Last Updated on January 30, 2019
One of the topics that always leads to a great discussion in the Alliance Masterclasses I facilitate, is about alliance success. Especially the question “How to define if an alliance is a success?” is a question that generates a lot of discussions.
Is the answer that synergy has been created, or that both partners are satisfied, or that the goal of the alliance has been met?
There are examples where the goal of the alliance is not being met and still both parties involved gain a lot of benefits from working together. Does that make the collaboration successful? One of the best public examples is the partnership between Tesla and Toyota as established in 2010. Within this partnership, Toyota invested 50 million USD in Tesla and Tesla acquired a Toyota factory in California for 42 million USD. The goal of the alliance was to co-develop an electrical version of Toyota’s RAV4.
In 2012 there was a nice promotional video by Toyota on the partnership and all seemed rosy. However, in the summer of 2014, the partnership was put on hold. This was caused by a combination of factors: the sales of the RAV4 EV stayed behind, there was a friction between the two parties about technology and Toyota changed its strategy to hydrogen-based fuel cells.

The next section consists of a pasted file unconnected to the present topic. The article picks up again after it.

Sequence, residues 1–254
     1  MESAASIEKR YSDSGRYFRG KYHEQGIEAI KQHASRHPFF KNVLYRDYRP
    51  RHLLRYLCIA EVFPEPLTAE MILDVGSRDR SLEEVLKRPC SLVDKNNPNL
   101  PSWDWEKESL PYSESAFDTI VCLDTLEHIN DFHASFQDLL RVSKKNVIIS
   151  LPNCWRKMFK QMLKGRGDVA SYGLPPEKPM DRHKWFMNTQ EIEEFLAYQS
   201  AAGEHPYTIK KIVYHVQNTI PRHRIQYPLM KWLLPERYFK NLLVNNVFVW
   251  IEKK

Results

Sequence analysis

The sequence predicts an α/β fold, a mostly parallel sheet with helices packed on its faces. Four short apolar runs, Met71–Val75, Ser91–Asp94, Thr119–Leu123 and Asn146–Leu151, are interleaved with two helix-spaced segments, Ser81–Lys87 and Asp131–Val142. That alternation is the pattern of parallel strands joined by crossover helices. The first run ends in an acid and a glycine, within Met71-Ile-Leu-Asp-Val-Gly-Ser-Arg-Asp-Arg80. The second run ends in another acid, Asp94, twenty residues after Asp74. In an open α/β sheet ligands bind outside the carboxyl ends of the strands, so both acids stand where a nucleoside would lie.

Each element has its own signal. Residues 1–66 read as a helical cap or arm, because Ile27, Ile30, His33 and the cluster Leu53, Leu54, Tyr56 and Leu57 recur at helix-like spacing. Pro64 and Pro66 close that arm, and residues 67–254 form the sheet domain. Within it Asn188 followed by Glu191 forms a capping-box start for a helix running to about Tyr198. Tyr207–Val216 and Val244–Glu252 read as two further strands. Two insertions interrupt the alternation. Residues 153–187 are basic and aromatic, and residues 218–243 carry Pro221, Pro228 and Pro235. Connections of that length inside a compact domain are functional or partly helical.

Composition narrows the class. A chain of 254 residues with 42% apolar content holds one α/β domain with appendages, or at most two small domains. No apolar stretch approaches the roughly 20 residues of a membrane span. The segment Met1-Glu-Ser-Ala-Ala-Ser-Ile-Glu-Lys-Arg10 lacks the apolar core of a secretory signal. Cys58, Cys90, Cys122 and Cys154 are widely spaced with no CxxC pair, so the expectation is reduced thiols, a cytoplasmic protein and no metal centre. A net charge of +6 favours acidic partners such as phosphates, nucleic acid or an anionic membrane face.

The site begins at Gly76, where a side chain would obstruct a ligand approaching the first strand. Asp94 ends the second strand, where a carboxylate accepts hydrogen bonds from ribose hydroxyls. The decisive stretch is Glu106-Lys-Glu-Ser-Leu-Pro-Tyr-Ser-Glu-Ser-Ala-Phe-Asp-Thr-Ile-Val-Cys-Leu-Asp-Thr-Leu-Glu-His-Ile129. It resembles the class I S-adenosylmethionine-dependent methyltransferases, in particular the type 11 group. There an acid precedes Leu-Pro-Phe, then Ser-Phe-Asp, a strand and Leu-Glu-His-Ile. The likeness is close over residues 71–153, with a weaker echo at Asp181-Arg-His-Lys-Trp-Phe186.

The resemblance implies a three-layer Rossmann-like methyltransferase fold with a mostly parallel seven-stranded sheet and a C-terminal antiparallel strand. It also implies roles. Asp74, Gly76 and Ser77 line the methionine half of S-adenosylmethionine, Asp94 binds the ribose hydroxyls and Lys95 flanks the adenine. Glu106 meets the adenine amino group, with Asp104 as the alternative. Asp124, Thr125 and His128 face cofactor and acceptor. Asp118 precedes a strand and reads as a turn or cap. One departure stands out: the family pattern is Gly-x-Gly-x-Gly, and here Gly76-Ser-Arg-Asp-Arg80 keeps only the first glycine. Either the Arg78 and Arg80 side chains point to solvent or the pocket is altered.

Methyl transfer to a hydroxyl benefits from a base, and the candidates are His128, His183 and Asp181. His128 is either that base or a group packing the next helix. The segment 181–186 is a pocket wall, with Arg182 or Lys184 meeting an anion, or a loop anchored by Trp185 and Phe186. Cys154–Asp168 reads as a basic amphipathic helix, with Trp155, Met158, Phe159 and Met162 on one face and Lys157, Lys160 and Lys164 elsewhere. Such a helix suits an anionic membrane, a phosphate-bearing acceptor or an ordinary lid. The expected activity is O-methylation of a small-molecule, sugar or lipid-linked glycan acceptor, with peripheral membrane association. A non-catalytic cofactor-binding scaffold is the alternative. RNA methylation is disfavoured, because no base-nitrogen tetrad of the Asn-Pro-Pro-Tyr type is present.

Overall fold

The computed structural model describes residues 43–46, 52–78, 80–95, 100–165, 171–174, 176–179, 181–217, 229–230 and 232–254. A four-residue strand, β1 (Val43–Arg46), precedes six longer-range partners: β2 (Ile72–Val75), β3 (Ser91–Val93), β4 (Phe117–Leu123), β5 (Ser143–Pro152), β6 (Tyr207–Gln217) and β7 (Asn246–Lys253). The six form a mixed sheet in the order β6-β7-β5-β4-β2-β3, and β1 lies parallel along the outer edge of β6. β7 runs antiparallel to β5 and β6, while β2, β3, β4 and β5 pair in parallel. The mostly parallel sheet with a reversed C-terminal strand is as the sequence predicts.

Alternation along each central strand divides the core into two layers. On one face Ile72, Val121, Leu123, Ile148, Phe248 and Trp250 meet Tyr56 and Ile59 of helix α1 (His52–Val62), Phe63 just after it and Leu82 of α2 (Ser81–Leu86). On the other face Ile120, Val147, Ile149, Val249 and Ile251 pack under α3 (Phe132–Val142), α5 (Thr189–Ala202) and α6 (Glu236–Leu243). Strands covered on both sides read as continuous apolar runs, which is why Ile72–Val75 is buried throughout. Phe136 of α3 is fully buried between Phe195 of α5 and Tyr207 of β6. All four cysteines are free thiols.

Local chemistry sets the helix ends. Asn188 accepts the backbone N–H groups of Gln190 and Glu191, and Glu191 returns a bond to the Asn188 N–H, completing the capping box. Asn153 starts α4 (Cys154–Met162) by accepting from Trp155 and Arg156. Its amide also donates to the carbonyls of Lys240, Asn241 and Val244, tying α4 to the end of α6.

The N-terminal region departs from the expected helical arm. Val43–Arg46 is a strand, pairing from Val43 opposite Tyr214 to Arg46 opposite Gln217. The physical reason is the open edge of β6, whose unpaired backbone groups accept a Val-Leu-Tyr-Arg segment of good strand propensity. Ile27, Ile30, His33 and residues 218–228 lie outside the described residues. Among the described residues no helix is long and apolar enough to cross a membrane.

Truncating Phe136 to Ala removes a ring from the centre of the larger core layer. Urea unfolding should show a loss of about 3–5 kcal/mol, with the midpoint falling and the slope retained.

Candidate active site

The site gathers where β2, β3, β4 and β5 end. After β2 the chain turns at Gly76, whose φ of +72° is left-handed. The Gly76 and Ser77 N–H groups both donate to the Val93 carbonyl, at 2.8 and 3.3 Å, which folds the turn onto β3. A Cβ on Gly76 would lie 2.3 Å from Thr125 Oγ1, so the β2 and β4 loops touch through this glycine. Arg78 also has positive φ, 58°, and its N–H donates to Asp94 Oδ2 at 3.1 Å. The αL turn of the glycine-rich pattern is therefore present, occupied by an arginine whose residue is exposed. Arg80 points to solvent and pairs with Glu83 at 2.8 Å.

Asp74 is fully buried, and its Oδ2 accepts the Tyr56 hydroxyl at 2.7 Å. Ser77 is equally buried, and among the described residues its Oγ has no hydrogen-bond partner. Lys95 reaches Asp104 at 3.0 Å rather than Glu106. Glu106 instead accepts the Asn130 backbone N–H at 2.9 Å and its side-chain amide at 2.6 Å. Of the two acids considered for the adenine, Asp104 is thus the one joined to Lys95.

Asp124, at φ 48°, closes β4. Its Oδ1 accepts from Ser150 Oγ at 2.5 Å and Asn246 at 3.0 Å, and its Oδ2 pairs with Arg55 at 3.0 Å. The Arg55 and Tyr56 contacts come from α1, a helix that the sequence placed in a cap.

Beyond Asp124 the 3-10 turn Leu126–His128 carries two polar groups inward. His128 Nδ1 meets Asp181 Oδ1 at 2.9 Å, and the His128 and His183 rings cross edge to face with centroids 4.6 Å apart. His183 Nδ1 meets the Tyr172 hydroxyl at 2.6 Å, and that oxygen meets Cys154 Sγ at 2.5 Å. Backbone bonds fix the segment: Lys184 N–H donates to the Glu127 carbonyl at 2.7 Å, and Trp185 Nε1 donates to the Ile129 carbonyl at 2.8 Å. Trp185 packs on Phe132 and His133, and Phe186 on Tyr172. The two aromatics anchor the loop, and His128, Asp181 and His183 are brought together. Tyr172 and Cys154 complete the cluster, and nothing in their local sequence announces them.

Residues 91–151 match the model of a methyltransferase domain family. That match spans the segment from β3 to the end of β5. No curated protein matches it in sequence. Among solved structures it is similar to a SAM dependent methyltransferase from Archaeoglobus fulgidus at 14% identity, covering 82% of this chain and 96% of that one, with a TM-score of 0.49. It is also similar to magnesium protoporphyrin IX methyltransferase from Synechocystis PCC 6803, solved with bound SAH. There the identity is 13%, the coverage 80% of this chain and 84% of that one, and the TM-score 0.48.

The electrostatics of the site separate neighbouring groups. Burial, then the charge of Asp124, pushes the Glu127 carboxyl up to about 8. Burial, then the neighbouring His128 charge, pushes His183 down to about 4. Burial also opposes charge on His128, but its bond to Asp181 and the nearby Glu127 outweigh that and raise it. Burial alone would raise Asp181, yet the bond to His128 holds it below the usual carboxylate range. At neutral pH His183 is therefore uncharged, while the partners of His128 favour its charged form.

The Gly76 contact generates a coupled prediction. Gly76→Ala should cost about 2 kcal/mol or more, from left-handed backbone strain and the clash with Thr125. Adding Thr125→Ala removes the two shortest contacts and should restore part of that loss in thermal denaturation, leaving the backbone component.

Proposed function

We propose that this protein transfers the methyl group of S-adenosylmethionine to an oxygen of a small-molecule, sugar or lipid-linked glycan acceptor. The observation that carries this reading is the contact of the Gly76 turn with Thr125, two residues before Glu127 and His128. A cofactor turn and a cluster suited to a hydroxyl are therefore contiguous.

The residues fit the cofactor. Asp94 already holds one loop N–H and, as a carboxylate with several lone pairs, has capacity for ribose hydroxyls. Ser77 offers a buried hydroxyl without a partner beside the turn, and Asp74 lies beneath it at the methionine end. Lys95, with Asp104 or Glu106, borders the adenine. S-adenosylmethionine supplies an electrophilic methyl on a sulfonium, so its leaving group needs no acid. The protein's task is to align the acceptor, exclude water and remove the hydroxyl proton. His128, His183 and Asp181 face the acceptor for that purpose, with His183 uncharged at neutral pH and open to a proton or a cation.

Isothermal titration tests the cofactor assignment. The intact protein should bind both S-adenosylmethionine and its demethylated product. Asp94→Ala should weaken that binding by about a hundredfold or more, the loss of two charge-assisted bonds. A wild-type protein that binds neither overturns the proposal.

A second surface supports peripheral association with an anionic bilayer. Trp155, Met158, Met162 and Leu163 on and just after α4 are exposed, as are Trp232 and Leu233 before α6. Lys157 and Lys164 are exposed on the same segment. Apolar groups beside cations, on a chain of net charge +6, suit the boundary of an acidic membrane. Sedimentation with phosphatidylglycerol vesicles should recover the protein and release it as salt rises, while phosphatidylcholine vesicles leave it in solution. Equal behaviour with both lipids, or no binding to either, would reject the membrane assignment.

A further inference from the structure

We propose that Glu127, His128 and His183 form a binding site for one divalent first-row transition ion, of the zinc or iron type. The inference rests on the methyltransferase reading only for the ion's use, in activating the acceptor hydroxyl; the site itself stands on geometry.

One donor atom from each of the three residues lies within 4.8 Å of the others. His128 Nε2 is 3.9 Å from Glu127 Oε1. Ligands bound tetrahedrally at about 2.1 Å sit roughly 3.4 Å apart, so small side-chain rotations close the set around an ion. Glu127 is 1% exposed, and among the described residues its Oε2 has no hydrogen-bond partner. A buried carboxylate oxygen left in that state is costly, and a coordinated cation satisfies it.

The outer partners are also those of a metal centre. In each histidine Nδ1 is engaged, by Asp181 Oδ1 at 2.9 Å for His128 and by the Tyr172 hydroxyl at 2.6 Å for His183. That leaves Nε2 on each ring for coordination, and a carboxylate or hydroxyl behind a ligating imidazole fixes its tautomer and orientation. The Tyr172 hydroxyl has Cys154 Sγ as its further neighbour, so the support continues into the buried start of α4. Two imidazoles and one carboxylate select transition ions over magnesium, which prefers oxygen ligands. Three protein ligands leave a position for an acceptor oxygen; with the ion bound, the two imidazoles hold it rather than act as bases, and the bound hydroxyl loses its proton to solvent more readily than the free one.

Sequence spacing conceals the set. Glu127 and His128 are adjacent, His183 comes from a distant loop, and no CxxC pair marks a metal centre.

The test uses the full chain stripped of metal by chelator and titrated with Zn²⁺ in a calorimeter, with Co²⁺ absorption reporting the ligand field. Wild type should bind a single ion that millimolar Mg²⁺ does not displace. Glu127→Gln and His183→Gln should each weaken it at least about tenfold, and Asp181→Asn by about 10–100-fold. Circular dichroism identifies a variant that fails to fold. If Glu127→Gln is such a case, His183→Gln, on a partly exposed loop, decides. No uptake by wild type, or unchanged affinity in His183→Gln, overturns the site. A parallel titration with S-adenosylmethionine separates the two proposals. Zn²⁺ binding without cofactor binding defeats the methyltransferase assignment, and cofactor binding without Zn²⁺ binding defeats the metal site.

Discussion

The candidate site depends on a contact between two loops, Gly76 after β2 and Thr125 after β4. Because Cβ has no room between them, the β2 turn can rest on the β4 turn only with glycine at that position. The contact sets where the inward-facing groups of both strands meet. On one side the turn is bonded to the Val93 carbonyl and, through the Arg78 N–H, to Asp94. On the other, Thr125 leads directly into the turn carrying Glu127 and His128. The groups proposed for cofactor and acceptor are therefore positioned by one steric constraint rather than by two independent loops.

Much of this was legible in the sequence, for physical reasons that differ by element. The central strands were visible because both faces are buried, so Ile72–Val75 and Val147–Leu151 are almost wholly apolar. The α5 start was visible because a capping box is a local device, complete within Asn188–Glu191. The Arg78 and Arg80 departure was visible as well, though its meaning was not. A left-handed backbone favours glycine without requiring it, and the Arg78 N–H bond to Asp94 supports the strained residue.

Did this partnership succeed or fail?
This particular case is always good for a lively discussion in the Masterclass. Some feel it failed, as they did not manage to sell the amount of RAV4 EV’s as expected. Others feel that it succeeded, as they reached the goal of creating the RAV4 EV together.
Then, to add some fuel to the discussion, I often mention that by October 2014 the original Toyota investment of 50m USD was worth 732m USD. Now more people feel that the alliance is a success, at least for Toyota. On the question whether it is a success for Tesla, many start to guess that Tesla would probably never have been able to gain access to the production plant they acquired from Toyota. A production plant that now enables Tesla to produce their Model S. However, is that a success that is contributable to the alliance?
When is an alliance a success? It seems such an easy question, but there is certainly not a simple answer to it. The best answer probably starts with “it depends …”
There are surely ways to increase your chances of alliance success; alliance success being defined in the terms of reaching the goals of the alliance and creating synergy for both partners.
The companies that follow a structured alliance process consistently report a better success rate with their alliances than average, up to 80%. The companies that approach alliances in an ad-hoc fashion report only a success rate of 20%.
Peter Simoons is an Executive Coach specializing in making business collaborations work. Sign up for Peter’s newsletter with weekly inspiration to help you achieve your collaborative success.
Originally published at www.petersimoons.com on June 19, 2017.